• Age
        • Family history of cardiac disease
        • Smoking or tobacco
        • Alcohol use
        • Diabetes
        • Obesity
        • Previous stroke and or carotid disease
        • Lung function
        • Liver function
        • Kidney function
        • Peripheral Vascular Disease
  • What is the prognosis? (Will they live- and if so how long and with what quality of life?)
    • That’s for another time …

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Cardiac enzymes ― also known as cardiac biomarkers ― include myoglobin, troponin and creatine kinase.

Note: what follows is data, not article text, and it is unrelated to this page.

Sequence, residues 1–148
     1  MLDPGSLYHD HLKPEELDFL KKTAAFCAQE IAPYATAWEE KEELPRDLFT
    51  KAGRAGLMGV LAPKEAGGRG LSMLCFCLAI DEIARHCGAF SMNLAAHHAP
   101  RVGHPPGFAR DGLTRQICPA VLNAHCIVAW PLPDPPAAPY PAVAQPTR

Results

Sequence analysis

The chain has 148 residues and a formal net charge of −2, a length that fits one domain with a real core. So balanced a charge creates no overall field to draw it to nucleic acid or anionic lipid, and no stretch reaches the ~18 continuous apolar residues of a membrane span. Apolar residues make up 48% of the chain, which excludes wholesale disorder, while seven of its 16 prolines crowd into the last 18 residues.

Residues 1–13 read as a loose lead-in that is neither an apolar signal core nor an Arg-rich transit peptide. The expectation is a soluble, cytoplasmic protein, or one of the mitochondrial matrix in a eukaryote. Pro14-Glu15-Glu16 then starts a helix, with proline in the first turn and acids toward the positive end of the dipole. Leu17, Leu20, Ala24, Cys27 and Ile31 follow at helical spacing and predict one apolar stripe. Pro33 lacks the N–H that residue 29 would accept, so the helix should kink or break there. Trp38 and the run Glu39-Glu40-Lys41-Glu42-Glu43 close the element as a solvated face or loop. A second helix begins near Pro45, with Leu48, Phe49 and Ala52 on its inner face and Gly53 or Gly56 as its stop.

Historically, lactate dehydrogenase, or LDH, was also used but is non-specific. Cardiac enzymes are released into the circulation when myocardial necrosis occurs, as seen in myocardial infarction.

Myoglobin

Myoglobin is released into circulation with any damage to muscle tissue, including myocardial necrosis. Because skeletal muscle contains myoglobin, this measurement is quite nonspecific for MIs. The benefit in myoglobin is that a detectable increase is seen only 30 minutes after injury occurs, unlike in troponin and creatine kinase, which can take between 3 and 4 hours.

Troponin